2. if you like cold well come up to vancouver bc canada , we have mixed mild weather here, my fiancee who is currently in afghanistan sure will get a shock when he moves here from florida , no wonder he was asking what the weather is like , we dont get hurricanes,tornadoes,, just rain rain and more rain and maybe the odd flood here and there and yes germany would be nice crisp weather kinda like paris

  3. I wish I had some words of wisdom for you, but I am not sure what to say. I guess one perception to take is that you all plan to retire in your current location so you'll "be back" to enjoy it. Maybe the same friends won't be there and maybe there will be other changes, but knowing that SOME day you'll go back may help a little…

    I have to say I am envious that you know where you plan to retire. DH could (but probably won't) retire in 2 years and we have no clue where we want to retire. That kinda scares me…

  4. I understand completely. I spent 4 1/2 years in Germany, and I dream of moving back. I now have two children who I tell stories to all the time about how wonderful it was over there. Those were the happiest times of my life. It's been 20 years, but seems like last week. For all those military wives who don't want to go overseas, you don't know what you are missing. How many places in America can you walk downtown at 1:00am and not worry? If I couldn't sleep, I would take the dog for a walk, and grab a cheeseburger at the McDonalds in downtown Pirmasens. IT IS AWESOME!!! Sometimes it is all what you make of it.

  5. Shelly, I lived in Pirmasens as a kid and have always had a love for Germany. A few years ago while visiting my sister and her family in England, we went back to Pirmasens for a couple of days and it was heavenly. My husband and kids got to meet my "adopted Oma" who I hadn't seen since 1980 (I was 8) when we came back to the states. I wish my hubby could be stationed in Germany, but he's Navy so we probably won't have that opportunity. I just had to comment because I was surprised when your comment said that you were in Pirmasens.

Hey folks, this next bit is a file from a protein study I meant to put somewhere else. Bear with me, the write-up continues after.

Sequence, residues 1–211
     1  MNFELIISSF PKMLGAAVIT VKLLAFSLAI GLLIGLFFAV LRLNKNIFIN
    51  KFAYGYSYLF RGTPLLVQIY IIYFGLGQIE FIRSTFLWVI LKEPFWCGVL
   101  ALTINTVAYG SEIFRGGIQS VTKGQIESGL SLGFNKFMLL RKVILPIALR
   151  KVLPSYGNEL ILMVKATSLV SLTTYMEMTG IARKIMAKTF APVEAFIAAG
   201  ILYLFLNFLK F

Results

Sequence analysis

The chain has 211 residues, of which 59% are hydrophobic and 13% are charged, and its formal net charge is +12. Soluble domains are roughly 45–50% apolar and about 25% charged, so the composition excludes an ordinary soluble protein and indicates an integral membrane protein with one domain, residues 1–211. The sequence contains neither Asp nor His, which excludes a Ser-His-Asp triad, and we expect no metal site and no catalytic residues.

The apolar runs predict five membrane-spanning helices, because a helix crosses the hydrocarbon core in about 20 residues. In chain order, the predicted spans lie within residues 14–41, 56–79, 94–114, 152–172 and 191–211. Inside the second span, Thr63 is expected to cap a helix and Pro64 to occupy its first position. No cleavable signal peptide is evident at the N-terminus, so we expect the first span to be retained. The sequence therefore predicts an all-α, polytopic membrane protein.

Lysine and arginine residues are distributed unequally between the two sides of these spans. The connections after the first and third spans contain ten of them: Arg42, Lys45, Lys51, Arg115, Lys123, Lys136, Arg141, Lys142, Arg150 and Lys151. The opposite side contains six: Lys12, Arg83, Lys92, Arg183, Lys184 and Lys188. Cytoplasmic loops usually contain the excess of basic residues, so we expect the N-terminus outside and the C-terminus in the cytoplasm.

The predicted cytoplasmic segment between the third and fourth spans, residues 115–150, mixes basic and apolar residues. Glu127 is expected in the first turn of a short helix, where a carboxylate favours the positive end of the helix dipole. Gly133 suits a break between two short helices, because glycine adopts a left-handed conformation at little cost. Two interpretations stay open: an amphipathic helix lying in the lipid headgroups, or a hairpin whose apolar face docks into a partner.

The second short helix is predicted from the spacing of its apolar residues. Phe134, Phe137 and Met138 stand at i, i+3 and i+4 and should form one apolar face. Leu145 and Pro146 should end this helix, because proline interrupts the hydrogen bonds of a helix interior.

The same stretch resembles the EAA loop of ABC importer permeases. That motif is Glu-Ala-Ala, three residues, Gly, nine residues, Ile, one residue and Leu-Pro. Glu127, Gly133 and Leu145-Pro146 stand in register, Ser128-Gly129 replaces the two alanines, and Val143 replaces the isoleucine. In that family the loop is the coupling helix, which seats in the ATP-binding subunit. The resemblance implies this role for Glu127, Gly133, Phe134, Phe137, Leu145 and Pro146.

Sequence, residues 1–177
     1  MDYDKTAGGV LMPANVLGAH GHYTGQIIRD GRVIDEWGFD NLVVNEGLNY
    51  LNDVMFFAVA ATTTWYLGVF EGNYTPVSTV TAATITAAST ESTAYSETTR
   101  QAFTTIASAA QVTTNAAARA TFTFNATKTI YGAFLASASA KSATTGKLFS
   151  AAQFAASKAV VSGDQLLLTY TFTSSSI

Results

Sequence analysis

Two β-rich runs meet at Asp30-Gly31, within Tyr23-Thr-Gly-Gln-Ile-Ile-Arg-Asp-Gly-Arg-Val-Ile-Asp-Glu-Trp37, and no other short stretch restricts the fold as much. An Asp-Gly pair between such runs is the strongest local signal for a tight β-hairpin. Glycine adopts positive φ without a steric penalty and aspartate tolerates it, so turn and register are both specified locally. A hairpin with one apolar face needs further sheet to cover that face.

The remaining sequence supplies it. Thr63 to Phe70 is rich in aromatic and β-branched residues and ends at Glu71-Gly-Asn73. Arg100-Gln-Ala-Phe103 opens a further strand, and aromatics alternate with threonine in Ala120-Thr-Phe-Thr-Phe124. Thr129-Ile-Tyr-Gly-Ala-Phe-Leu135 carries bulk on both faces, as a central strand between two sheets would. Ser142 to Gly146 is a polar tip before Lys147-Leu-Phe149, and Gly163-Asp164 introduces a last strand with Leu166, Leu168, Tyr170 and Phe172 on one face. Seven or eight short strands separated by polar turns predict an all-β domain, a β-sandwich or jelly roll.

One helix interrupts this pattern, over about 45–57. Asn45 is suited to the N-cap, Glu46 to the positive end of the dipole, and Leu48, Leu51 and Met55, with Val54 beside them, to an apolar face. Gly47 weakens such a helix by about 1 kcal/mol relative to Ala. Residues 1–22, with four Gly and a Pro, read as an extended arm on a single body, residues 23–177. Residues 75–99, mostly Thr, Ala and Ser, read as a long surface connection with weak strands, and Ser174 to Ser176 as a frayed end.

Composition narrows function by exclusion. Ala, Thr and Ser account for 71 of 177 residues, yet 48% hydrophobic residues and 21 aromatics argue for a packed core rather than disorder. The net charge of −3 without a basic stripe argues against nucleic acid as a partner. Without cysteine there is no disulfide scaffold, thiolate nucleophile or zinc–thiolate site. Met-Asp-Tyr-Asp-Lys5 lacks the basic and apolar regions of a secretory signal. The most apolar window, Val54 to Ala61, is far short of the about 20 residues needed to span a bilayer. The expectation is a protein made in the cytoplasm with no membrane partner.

6. Funny I found this post. Here I was crying last night and telling my husband that I was not ready to move. He looked so confused. Afterall, I/we have moved constantly! Why is this PCS different from others? (And folks, feel free to throw something at me… we're going from Hawaii to Germany – I know, wah, cry me a river). Sometimes you do fall in love with a place and it is very, very special. What brought me to tears was thinking about leaving the place that we brought our daughter home to. She's our only baby. It seems like just yesterday I carried her through our front door from the hospital and made our little family complete. I know I will find a great circle of friends wherever we go, but gosh… I am going to miss living in Hawaii.

  7. Helpusplease | February 15, 2011 at 8:53 pm |

    We have to move away from our house which is now $50,000 less in value than what we owe. We can try to sell it but there are no buyers in our city. We can't afford a $50000 debt. It could take forever for this economy to get better. I can rent it, but we can;t uphold the responsibilities that good landlord is supposed to do. What are we supposed to do? I cannot foreclose because we would like to buy another home and don't want to destroy our credit. Help us please.

  8. Having grown up in New Mexico, I can tell you that it's really not all that bad! My husband and I just left Kirtland AFB for TN. Keep an open mind. Natives are friendly and there is alway places to explore! Good luck!

  9. Helpusplease: Why not hire a management company to do all the landlord duties? Shop around and find one that fits your needs. I know several military friends who go through management companies to manage their properties, and it has worked out good for them. Good luck, and I am sorry you are in this situation.